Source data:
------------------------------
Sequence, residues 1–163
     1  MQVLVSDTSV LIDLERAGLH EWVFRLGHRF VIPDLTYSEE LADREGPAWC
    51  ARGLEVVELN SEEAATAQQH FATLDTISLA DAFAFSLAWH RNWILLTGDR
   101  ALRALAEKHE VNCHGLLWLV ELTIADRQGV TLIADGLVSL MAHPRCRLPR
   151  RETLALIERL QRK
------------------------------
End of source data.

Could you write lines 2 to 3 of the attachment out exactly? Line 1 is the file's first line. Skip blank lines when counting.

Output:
     1  MQVLVSDTSV LIDLERAGLH EWVFRLGHRF VIPDLTYSEE LADREGPAWC
    51  ARGLEVVELN SEEAATAQQH FATLDTISLA DAFAFSLAWH RNWILLTGDR